In this presentation I outline major aspects of the learning and performance support systems (LPSS) program as it relates to open education environments. In particular I focus on understanding OERs as words, aggregating and analyzing OERs, data representation, and learner production and sharing of OERs. I conclude with a number of brief case studies of how work in LPSS supports this perspective. Full paper available here: http://www.downes.ca/files/docs/Open_Education_and_Personal_Learning.docx
Open Education Global, Banff, Alberta (Keynote) Apr 23, 2015 [Comment]
The big news this week is that Arizona Statue University will in effect replace first year studies with MOOCs (that's probably an overstatement, but it will do for now). This article draws out some implications and major underlying issues (these are all quoted from the article):
Prior learning assessment -- the mechanism by which credit is granted -- is not covered by financial aid.
there’ s nothing stopping someone now from taking a MOOC in a “ gen ed” area and then taking a CLEP exam to get credit.
ASU took a nasty funding cut from the state, and responded by growing its reach (contrast with LSU, which is attempting to survive though massive cuts)
the edX partnership allows ASU to move failures off-book, thereby keeping its success rates high.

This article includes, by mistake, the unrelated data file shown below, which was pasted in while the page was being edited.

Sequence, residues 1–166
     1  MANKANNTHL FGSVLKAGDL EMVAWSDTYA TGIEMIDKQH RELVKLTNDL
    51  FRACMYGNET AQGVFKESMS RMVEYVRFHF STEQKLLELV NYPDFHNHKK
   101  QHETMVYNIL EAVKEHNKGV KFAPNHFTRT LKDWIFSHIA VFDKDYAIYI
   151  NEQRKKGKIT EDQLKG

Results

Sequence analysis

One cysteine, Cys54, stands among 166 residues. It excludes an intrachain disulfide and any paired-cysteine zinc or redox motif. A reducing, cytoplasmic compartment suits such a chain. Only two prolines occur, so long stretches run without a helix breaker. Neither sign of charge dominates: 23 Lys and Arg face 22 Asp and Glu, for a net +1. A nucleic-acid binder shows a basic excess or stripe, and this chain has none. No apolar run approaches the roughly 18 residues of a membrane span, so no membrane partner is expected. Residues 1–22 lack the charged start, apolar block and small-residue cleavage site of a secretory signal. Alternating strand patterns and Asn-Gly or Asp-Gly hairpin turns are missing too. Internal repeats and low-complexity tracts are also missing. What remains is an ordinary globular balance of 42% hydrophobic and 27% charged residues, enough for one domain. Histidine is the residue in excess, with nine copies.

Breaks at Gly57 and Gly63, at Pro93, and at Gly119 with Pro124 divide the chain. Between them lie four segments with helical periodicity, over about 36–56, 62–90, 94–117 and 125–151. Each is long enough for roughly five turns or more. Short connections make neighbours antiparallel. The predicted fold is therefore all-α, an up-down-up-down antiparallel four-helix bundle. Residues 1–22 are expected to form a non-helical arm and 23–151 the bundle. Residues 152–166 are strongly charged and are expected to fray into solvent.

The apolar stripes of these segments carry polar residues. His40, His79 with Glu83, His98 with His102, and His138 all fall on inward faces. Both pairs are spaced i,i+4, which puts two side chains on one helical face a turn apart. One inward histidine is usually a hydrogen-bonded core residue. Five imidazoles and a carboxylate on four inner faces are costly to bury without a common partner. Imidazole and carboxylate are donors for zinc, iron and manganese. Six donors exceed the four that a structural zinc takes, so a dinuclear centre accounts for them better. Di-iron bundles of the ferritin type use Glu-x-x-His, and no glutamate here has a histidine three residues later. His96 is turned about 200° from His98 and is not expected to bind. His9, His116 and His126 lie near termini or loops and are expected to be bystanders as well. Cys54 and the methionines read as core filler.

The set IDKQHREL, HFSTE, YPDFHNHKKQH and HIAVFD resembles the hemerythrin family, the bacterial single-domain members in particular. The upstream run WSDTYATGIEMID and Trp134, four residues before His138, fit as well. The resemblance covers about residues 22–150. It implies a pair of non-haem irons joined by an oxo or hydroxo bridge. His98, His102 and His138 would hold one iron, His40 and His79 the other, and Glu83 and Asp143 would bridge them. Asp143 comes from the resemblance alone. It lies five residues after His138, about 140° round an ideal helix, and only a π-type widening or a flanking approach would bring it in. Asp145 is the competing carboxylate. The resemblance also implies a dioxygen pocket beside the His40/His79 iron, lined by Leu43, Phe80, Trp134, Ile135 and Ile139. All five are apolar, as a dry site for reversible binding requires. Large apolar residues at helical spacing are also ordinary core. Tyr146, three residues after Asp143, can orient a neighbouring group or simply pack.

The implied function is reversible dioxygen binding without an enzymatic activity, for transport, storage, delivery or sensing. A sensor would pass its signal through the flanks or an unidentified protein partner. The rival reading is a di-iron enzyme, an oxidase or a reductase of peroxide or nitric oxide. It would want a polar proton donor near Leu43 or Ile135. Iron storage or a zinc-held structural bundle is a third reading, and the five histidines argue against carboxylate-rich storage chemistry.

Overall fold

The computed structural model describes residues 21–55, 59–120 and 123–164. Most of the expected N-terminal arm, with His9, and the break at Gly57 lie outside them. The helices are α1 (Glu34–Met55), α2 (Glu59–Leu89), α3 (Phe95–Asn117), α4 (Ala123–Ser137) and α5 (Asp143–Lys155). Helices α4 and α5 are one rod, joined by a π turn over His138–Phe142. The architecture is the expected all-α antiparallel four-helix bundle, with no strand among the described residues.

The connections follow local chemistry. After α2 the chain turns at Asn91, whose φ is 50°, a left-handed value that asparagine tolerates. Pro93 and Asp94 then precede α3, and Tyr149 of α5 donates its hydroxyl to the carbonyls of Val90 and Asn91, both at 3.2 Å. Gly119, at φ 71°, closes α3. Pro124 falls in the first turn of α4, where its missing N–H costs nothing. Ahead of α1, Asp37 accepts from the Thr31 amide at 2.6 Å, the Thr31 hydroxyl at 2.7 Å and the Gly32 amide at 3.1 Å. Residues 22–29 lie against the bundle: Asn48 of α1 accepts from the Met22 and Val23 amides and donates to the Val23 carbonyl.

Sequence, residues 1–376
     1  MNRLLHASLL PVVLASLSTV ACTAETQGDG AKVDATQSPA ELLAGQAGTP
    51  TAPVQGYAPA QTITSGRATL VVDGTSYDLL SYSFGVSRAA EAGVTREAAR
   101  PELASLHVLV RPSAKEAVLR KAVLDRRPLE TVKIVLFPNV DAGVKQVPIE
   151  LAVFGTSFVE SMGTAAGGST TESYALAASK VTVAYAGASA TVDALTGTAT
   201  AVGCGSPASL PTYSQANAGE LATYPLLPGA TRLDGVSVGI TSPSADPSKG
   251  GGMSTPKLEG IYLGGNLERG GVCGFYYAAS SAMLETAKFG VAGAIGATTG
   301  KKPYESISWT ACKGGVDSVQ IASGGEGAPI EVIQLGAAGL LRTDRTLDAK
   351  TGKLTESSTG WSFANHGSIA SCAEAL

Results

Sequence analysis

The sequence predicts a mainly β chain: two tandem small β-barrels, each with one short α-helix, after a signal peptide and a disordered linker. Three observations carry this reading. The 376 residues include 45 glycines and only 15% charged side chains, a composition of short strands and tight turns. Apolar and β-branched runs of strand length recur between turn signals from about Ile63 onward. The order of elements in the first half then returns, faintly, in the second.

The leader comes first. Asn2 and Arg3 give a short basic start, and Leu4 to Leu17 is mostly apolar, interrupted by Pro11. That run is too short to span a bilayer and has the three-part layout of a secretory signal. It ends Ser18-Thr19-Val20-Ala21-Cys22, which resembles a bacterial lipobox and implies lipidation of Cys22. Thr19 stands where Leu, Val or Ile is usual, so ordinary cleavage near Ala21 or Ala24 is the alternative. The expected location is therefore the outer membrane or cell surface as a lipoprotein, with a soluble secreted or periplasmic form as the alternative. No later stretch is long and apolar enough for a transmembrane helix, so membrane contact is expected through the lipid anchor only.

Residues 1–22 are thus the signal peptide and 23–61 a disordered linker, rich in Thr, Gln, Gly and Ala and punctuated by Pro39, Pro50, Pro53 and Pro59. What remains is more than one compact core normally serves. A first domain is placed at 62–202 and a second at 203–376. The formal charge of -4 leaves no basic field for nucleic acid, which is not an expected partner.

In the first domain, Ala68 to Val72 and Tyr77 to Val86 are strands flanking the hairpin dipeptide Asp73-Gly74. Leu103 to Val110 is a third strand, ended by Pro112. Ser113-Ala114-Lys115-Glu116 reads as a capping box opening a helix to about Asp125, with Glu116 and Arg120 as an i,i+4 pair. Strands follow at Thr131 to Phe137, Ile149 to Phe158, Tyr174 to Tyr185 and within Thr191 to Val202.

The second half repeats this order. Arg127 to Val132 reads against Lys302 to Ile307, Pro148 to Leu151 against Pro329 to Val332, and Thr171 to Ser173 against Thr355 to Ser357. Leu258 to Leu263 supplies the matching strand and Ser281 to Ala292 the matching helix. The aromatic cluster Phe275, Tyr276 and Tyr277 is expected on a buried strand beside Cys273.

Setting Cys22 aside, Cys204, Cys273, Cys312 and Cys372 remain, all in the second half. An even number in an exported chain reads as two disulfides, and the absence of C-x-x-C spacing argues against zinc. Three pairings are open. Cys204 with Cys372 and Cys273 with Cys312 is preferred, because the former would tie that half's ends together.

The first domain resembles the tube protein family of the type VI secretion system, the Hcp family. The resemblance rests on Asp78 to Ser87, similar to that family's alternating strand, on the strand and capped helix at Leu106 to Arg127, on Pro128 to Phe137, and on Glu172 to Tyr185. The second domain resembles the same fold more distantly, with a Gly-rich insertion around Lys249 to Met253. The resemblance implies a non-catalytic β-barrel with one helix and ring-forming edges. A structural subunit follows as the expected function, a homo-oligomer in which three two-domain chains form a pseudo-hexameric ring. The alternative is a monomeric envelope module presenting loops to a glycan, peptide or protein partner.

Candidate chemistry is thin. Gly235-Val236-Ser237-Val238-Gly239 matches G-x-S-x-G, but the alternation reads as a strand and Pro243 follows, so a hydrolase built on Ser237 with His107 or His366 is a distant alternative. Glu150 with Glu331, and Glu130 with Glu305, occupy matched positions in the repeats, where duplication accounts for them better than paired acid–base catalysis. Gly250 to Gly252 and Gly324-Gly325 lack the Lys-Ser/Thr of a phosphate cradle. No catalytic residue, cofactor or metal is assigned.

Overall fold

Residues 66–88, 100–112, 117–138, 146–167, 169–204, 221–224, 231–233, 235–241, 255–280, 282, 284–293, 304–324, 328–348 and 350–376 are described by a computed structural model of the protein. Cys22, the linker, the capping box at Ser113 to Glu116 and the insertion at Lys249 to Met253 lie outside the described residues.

many of us in higher ed think of it as an ecosystem. ASU may have decided that it’ s actually a Hobbesian war of each against all
the partnership is a desperate attempt to provide something resembling a business model for MOOCs.
In my view, higher education institutions should consider themselves lucky that the MOOCs provided by EdX are replacing first year. There will not be much talk of expanding the model, and the failure rate will we high, Had something like the Connectivist MOOCs and the cooperative approach taken hold, the damage to traditional institutions would have been much greater, as students would have propelled each other to success in spite of, not because of, the institution.
I can't say I exactly agree with the arguments outlined in this article, but it's important to read and understand this defense of the Byzantine system that is the college accreditation process. Bernard Fryshman offers a spirited argument. "There is wide recognition that relying on these proposed quantitative measures has weakened accreditation, with collateral damage. Thus, colleges that were focused on a financial bottom line rather than on student learning found it easy to produce numbers that satisfied quantitative guidelines, but said little or nothing about the learning taking place." There are two presumptions, of course: first, that the numbers are indeed proxies, and second, that the current process of peer review actually does ensure that learning takes place.
Anya Kamanetz reviews a new book that makes an old argument. Drawing on the 'paradox of choice', it is argues that college students should be required to select majors and choose from a more limited set of options. Just as people given fewer choices of jam are more likely to buy jam, it is suggested, people given fewer choices in college are more likely to finish college. It's a seductive argument, because it's always tempting to trade freedom for efficiency. But over and above making the trains run on time, what is there to recommend this approach? If the investment in college weren't so risky for students, maybe it wouldn't matter that they got out rather than continue through a less ideal program. The book is Redesigning America's Community Colleges and the authors, three Columbia University education researchers (who no doubt were not streamed when they made their education choices).